Storytelling is no easy task.

Believe me, as a writer, it can be tough to find the most engaging angle. There are countless books, guides, and opinions on how to craft a compelling story.

Storytelling is an art that is often overlooked — but with the right approach, it can help change the world.

As a communications professional, you know the power of compelling storytelling. Stories are crucial to engaging an audience and inspiring action.

Luckily, we had the opportunity to learn more about the skill from an expert.

At VOICES 2022 in New York, comedian, author, and documentary producer W. Kamau Bell sat down with us to talk about the art of storytelling. 

For his Emmy Award-winning docu-series United Shades of America, Kamau has interviewed many American voices to understand the challenges they face. From the ongoing struggles of Native Americans to the conditions of mass incarceration and even insights into the KKK, Kamau’s goal is to tell authentic stories. 

He tackles tough topics with empathy and respect. And he also harnesses humor to cut through the tension and connect with his interview subjects.

Here are 4 powerful storytelling lessons W. Kamau Bell shared with us at VOICES 2022:

1. Listening is more important than talking

The biggest thing that people have to learn when dealing with sensitive topics, when talking to people who have issues that they are sensitive about, is how to shut up. First, you’ve got to shut up and then you’ve got to listen.”

W. Kamau Bell

Telling an engaging story is impossible without learning how to listen first.

When we sit down to interview someone, for example, we shouldn’t assume to know their story — or even our angle — beforehand. Keeping an open mind and actually understanding where someone is coming from is critical:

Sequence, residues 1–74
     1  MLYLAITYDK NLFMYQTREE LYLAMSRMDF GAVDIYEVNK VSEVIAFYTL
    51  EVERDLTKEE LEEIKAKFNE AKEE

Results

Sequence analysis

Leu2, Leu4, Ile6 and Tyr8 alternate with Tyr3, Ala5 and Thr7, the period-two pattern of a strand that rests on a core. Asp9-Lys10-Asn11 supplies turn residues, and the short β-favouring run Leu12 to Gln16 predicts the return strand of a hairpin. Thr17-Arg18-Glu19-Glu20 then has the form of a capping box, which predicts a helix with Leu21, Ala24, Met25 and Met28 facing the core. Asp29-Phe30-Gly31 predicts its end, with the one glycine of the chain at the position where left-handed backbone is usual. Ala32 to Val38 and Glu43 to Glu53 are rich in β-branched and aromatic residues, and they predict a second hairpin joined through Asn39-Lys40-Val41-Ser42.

Sometimes we come from such different contexts. We’re not really capable of understanding the nuance of people outside of our communities.”

We all come into situations with our own biases. That’s why it’s so important to listen carefully in an interview. What are the nuances of your interview subject’s story? How can you capture that person’s story accurately?

As Kamau says, focus on the person whose story you are telling.

Staffbase Voices
W. Kamau Bell with Ralf Junge-Pearl, Head of Content at Staffbase

2. Make your interview subject feel valued

Right from the top of your interview, Kamau advocates for telling your interviewee that it’s a privilege to be there and to ask questions:

“You have to make the person who showed up feel like you’re lucky they showed up.”

Make them feel comfortable and appreciated. This is especially important when people are nervous — it can help ease any tension, help you connect more one-on-one, and open your interviewee up.

Kamau also recommends repeating what your interviewee said to be sure you understand correctly. By doing this, you can show that you’re actively listening. This also gives the storyteller an opportunity to reflect on what has been said and clarify any points. 

3. Be empathetic

“If empathy is a stock, you can buy it. It’s low right now.”

Kamau sees a deficit of empathy in the United States. Over the course of working on United Shades for seven seasons, this observation has impacted him deeply in how he approaches his work.

That’s why Kamau has made it his goal to emphasize empathy in his interview style and storytelling.